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Think Beyond the Course

8 Nov

Training is not a singular event. The notion of “doing to the training” was never a useful paradigm, but even less so now with our always-on digital world. What information will the learner have already found on his own before taking the course? What social media posts has he already read about the training event he is set to undertake? After the fact, where will he turn and what will he discover to reinforce, amplify, or potentially torpedo the e-learning activity?

Learning is an ongoing activity that now takes place significantly online. ImageRather than think of e-learning as an event, smart organizations deliver timely useful information throughout the year on a continuous basis. People are always going to search for interesting, useful and engaging information. Human nature demands we find patterns, connect the dots, synthesize information.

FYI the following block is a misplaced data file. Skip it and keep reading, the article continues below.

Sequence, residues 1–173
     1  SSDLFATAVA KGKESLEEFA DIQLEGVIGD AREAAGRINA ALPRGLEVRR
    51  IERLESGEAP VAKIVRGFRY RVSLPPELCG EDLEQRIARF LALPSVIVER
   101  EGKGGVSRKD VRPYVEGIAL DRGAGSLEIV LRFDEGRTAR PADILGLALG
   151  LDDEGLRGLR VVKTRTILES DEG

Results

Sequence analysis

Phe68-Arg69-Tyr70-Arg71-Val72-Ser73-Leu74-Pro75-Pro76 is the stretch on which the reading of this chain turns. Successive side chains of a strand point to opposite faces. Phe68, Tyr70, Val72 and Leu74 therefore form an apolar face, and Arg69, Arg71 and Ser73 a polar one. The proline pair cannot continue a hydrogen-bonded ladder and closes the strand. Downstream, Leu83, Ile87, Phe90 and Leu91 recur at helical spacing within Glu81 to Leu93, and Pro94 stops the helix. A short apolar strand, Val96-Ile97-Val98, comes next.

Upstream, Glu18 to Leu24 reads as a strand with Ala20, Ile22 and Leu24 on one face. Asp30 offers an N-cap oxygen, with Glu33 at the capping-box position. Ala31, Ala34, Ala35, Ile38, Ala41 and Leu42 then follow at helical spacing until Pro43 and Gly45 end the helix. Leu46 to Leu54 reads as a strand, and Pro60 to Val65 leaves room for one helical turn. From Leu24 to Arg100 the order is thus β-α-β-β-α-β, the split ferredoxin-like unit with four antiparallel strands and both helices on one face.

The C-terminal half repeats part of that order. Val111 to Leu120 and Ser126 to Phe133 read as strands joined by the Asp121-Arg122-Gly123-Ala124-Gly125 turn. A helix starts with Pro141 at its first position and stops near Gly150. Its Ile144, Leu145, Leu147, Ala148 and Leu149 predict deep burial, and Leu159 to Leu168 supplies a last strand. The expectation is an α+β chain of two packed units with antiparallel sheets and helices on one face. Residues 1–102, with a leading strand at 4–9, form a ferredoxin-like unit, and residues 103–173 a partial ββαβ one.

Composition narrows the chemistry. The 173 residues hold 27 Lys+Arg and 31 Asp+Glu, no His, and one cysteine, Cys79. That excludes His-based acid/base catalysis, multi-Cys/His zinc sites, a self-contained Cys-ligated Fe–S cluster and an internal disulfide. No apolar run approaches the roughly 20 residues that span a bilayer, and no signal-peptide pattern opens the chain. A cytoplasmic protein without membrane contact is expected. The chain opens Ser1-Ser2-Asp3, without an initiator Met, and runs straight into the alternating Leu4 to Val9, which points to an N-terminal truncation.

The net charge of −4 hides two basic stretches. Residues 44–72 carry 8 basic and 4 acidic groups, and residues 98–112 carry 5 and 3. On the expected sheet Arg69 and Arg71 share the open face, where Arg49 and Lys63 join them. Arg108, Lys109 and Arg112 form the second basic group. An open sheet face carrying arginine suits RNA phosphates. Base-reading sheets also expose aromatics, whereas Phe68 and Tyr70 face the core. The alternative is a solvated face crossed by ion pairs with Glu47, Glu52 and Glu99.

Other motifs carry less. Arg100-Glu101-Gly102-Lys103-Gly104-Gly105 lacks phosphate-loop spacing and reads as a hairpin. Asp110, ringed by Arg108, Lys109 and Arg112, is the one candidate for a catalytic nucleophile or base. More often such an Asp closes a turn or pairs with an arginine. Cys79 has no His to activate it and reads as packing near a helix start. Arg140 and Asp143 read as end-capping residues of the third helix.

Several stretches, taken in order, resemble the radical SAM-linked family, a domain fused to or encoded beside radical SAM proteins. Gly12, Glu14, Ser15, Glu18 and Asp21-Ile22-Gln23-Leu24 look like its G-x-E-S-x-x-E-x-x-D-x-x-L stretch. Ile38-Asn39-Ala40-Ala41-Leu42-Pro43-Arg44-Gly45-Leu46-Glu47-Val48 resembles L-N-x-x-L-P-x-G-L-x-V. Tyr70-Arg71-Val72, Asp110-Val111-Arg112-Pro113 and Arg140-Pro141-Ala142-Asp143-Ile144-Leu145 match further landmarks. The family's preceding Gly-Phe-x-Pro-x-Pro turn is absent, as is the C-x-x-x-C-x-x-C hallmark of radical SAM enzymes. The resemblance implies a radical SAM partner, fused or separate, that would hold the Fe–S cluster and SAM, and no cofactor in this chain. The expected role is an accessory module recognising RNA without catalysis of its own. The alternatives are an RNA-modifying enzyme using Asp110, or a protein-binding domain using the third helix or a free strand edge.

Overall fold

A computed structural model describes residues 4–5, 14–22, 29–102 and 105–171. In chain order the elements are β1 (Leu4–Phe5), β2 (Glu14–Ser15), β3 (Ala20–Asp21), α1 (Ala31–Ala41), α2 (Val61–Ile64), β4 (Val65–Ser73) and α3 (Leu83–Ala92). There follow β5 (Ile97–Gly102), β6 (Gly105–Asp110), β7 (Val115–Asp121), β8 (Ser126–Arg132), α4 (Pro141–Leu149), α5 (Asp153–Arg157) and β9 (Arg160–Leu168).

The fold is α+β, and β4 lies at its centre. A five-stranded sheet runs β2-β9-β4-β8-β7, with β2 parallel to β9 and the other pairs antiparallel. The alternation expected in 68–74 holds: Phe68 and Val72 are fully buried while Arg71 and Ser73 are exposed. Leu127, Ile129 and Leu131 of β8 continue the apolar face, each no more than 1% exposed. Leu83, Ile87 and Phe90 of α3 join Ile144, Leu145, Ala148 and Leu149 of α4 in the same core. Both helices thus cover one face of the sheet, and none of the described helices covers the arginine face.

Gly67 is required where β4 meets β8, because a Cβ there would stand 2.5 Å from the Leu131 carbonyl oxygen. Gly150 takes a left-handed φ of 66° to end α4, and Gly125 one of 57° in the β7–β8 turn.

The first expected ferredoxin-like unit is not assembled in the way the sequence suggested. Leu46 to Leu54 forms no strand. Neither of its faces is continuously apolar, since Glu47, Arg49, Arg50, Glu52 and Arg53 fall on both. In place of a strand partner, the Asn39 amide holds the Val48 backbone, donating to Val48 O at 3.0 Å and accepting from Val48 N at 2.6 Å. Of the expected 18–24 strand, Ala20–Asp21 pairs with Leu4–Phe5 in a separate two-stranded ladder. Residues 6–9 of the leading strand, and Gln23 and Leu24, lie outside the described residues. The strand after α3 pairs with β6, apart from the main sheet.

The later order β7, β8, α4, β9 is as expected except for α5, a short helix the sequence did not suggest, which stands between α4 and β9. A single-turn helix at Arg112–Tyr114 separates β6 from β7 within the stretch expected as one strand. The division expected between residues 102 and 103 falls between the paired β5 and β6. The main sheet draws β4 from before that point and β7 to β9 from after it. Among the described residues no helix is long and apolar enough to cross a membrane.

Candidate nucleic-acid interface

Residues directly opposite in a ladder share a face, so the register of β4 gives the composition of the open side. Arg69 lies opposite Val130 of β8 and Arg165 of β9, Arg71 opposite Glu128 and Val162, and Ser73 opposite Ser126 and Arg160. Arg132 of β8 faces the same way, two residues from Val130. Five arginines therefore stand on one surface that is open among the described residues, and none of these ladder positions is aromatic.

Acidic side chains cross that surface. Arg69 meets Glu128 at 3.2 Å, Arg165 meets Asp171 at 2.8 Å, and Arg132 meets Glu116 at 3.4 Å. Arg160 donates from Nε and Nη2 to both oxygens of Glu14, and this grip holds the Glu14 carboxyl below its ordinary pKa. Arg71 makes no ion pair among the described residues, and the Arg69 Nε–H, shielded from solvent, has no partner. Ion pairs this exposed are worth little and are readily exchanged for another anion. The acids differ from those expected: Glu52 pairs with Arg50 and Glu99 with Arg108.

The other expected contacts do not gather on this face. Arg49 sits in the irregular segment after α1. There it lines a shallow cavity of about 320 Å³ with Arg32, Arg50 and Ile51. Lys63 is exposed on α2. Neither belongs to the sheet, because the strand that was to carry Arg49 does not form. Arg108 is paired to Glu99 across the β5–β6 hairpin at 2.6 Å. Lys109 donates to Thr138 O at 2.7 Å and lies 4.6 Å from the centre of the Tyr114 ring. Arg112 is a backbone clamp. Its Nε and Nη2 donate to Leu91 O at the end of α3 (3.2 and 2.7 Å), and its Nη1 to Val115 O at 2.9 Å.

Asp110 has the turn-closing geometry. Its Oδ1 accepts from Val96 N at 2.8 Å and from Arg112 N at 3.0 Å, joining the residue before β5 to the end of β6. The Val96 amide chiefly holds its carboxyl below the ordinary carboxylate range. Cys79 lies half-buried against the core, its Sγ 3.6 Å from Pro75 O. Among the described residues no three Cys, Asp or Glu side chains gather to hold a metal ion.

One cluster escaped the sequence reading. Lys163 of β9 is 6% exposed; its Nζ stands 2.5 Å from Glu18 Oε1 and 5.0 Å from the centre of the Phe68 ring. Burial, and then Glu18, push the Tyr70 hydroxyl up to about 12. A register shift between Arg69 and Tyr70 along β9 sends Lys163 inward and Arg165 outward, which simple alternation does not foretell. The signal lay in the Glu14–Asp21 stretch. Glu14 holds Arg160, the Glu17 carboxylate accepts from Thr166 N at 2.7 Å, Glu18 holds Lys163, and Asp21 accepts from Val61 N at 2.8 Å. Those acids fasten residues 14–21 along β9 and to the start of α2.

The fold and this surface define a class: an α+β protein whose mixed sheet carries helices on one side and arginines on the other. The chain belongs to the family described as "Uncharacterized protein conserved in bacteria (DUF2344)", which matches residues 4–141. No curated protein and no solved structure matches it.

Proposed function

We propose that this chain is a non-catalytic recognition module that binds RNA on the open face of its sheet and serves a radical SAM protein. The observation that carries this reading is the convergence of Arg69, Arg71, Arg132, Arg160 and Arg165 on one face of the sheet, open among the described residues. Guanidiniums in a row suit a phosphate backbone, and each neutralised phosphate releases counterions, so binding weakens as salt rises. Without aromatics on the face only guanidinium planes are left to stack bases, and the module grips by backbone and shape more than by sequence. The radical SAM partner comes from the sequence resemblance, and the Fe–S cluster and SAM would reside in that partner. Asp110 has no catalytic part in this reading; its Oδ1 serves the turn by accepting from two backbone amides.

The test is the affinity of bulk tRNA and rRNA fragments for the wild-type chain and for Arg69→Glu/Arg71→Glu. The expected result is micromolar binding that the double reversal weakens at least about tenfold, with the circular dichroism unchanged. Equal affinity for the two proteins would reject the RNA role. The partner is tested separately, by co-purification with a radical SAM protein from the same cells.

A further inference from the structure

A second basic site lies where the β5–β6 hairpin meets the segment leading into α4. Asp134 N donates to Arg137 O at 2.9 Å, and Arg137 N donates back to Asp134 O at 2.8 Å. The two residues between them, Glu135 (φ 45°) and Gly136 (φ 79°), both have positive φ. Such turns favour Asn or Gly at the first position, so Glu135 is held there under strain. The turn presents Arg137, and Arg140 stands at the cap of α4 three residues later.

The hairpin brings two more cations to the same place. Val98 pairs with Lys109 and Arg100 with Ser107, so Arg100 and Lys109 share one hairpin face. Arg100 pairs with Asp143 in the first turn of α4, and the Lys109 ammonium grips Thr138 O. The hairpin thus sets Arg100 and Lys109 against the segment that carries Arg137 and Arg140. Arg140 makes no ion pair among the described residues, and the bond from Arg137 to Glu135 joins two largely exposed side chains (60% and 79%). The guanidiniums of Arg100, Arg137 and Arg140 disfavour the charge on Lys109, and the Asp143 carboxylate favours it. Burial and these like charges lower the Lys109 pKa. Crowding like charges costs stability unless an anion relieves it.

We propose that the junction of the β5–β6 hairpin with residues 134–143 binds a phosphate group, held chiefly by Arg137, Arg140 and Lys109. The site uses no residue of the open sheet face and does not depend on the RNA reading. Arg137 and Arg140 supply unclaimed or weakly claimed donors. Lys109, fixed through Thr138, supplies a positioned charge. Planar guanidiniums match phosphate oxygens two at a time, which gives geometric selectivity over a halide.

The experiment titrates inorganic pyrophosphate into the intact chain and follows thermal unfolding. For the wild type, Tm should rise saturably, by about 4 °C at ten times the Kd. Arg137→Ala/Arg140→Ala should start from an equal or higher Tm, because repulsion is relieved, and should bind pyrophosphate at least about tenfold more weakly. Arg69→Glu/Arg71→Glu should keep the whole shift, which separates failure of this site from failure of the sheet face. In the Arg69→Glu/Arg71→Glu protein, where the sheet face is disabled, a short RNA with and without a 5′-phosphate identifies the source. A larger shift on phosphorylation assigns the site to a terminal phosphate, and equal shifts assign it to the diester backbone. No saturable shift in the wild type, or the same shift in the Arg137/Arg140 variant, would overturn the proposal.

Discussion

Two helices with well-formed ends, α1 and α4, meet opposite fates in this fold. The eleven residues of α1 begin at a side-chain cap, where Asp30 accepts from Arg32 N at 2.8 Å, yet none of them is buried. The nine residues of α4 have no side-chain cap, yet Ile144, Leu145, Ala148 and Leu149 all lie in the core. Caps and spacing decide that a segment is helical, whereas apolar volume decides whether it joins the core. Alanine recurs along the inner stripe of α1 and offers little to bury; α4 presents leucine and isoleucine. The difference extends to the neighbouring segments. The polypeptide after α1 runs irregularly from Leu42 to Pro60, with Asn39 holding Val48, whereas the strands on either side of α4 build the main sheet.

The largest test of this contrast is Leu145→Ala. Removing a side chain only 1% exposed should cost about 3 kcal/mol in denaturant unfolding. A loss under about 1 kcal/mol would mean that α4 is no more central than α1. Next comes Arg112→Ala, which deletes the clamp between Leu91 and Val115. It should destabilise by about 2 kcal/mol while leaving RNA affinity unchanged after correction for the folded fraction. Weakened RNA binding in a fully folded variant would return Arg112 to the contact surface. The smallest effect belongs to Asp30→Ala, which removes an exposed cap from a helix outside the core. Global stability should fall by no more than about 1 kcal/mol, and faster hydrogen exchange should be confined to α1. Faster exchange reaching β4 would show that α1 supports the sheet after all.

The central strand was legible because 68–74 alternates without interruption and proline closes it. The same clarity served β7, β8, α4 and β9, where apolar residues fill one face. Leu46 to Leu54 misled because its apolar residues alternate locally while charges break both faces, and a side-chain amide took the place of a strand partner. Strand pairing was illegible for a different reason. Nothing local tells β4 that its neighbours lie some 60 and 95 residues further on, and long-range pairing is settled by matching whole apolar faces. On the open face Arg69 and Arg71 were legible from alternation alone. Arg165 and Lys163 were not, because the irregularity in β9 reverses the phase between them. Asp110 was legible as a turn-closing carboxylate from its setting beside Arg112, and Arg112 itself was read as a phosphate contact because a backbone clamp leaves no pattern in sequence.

How does your organization deliver information so that people are learning lessons that map to their success? And, how do e-learning products, be they courses, webinars, job aids, social media posts, etc., fit in to that larger strategy? We need to step back to consider if the digital milieu supports or undermines effective training, and take action accordingly (see more on this from Jane Hart). E-learning becomes an act of information curating rather than – or in addition to – creating content.

Objection Sustained? Not if you hit objections head on

7 Oct

Not all people welcome even well thought-out and executed training. (Shocking, I know!)

Some find it irrelevant. Others, that it is an unwelcome interruption to their already overflowing schedules. There are also people who object to the nature of a specific type of training, such as compliance or harassment training.  Some are simply hostile to the entire notion of training.